Requirements to Reach the Decision Point under the HIPC Initiative.

Three countries remain potentially eligible for debt relief under the HIPC Initiative: Eritrea, Somalia and Sudan. The HIPC Initiative is a rules-based framework that has been effectively closed to new entrants since 2011. The three “ringfenced” countries are those that (i) are IDA-only and IMF PRGT-eligible; (ii) met the indebtedness criteria at end-2004 and end-2010; and (iii) might wish to avail themselves of debt relief under the HIPC Initiative.1/

The key steps needed for these countries to reach the Decision Point are:

  • Establishing a satisfactory track record of strong policy performance under IMF- and World Bank-supported programs. Qualifying IMF programs include a staff-monitored program (SMP) with Upper Credit Tranche (UCT) conditionality.

  • Clearing arrears to the IMF, the World Bank, and the African Development Bank, and clearing or preparing a plan to clear arrears to the remaining external creditors.

  • Preparing a satisfactory (full or interim) Poverty Reduction Strategy (PRS), or similar document, reflecting a broad-based consultation, including with civil society

  • Agreeing a set of floating Completion Point triggers with IDA and the IMF.

  • Having debt indicators that, after traditional debt relief, are above the HIPC Initiative thresholds. This assessment should be made using the most recent data for the fiscal year immediately prior to the expected Decision Point.

1/ See “Heavily Indebted Poor Countries (HIPC) Initiative and Multilateral Debt Relief Initiative (MDRI)—Statistical Update, 2019”.

B. Background, and Political and Poverty Developments

8. Somalia has an historic opportunity to turn the page on decades of conflict, fragility and state fragmentation, and embark on a trajectory towards poverty reduction and inclusive growth. For over two decades, Somalia has experienced protracted conflict and fragility, the collapse of rule of law, institutions, basic public services and the social contract, resulting in the impoverishment of millions. Starting in the early 2000’s Somalia has seen multiple (often flawed, failed or externally driven) attempts to broker peace among factions and establish a sustainable governance framework that provides the basis for stability and development. The breakthrough 2012 Provisional Constitution established a federal political structure, including a parliament, the Federal Government of Somalia (FGS) and the Federal Member States (FMSs). Somalia has also successfully undertaken two peaceful parliamentary and presidential elections—in late 2012 and early 2017. Reforms underpinning the upcoming elections in late 2020 (or early 2021) are on track now that the President has signed the new Electoral Act. Although much remains to be done to stabilize the country and secure a lasting political settlement, the sustained political, economic and institutional reforms undertaken supported by four consecutive SMPs, EU and World Bank financing, and extensive technical assistance, have succeeded in rebuilding core state capabilities.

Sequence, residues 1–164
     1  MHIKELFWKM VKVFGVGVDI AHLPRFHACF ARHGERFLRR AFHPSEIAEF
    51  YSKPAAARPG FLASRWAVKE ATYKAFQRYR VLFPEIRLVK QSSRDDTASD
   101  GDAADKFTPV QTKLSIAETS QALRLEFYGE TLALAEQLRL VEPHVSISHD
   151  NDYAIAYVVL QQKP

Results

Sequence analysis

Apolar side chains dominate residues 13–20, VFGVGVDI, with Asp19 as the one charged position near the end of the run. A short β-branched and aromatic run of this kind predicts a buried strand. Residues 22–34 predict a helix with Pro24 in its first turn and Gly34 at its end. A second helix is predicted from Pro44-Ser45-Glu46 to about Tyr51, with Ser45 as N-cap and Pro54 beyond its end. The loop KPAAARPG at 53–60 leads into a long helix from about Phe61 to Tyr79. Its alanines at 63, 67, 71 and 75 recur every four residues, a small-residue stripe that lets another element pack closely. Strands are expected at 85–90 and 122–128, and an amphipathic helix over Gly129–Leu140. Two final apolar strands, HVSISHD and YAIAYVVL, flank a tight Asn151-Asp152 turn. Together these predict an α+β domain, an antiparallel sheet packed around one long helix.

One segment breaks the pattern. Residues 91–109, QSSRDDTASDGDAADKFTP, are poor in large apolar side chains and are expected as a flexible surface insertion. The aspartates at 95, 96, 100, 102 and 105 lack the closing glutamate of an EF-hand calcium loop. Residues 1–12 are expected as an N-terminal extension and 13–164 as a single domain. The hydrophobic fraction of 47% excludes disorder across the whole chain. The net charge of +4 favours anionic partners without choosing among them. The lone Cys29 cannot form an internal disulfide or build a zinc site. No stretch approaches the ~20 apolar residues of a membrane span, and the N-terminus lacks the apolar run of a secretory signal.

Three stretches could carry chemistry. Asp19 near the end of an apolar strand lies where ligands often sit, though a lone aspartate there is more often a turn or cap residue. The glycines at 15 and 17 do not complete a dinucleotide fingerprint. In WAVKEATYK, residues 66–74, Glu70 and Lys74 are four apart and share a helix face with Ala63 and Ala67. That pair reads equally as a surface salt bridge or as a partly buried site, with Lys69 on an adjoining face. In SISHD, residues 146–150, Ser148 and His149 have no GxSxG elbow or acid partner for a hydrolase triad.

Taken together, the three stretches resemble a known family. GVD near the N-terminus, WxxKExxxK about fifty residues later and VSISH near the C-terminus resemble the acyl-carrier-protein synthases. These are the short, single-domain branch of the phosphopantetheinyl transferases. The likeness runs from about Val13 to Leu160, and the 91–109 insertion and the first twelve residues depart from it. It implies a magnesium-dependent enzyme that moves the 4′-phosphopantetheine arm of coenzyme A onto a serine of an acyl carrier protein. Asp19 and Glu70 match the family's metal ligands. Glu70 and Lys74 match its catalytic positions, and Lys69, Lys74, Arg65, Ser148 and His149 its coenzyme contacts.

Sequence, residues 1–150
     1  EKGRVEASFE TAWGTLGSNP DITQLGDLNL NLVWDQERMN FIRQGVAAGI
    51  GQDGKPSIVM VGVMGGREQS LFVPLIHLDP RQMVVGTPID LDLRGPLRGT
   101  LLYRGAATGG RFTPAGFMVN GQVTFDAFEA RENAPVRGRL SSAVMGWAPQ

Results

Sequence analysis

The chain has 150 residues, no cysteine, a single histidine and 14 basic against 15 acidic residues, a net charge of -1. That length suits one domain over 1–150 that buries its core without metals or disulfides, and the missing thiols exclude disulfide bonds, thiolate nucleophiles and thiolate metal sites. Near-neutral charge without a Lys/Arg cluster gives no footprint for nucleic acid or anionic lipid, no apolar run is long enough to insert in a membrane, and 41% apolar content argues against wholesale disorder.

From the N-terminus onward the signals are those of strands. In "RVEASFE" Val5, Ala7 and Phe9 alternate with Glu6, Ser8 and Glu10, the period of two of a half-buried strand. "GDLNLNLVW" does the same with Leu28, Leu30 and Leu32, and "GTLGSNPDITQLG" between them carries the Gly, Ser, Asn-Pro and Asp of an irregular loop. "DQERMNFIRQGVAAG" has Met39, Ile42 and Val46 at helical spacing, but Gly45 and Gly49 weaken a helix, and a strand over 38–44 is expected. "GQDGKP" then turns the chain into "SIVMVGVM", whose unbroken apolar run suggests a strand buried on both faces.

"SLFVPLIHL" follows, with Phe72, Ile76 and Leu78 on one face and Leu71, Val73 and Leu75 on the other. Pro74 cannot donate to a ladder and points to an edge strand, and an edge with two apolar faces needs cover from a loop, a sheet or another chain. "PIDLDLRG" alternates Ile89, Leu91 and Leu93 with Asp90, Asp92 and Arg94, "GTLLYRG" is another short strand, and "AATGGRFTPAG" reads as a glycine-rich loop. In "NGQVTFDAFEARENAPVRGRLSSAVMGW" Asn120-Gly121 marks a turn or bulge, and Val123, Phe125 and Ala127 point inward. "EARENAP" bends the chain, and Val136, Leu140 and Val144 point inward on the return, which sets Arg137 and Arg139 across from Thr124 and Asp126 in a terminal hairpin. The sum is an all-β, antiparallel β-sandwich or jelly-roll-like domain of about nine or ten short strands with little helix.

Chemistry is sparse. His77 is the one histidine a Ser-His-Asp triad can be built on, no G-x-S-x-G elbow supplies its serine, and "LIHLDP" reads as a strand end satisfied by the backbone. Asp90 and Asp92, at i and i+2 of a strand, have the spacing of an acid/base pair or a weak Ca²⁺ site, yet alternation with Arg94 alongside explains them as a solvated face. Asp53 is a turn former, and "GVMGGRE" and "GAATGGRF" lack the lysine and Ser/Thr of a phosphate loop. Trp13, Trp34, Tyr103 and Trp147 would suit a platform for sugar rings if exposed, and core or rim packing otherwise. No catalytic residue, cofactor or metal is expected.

9. Poverty remains pervasive in Somalia. Almost 70 percent of Somalis live on less than US$1.90 a day in purchasing power parity terms (Table 1), and economic growth lags behind population growth, estimated at 2.8 percent per year.11 Poverty incidence is almost uniformly high in Somalia—poverty rates in Mogadishu, rural areas, internally displaced populations (IDPs) and nomads are all higher than the national average. The only exception is urban areas other than Mogadishu where the poverty rate is around 10 percentage points lower than the national average, possibly reflecting smaller concentrations of IDPs and, in some cities, less exposure to conflict. Poverty is deep particularly in rural populations and IDPs. The average distance to the poverty line for the poor in these two groups is more than one third of the poverty line.

Table 1.

Key Poverty and Social Indicators

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Sources: *Somali Poverty and Vulnerability Assessment; ** Authors’ estimation using HFS2017; *** WDI.

10. Somali households suffer non-monetary deprivations as well. Almost nine of 10 Somali households are deprived in at least one dimension of poverty—monetary, electricity, education, or water and sanitation—and nearly seven of 10 households suffer in two or more dimensions. In addition, a significant group of non-poor are vulnerable to falling into poverty. About one third of the non-poor is within 20 percent from the poverty line.

11. Somali cities tend to have lower monetary poverty and better services than rural areas. The only exception is Mogadishu, where, as discussed above, poverty is higher than the national average. In contrast, many other cities have not had to cope with constant and large influxes of IDPs. Cities consistently provide better access to services—except for land and housing—and more stable income than rural areas. Despite better conditions in cities, however, they still struggle with hunger, high absolute poverty of 64 percent, nonmonetary poverty of 41 percent, and ensuring universal access to services. There is also some regional disparity in the provision of services, with Mogadishu and North East and North West cities providing better access to services compared to Baidoa, Kismayo, and central urban areas.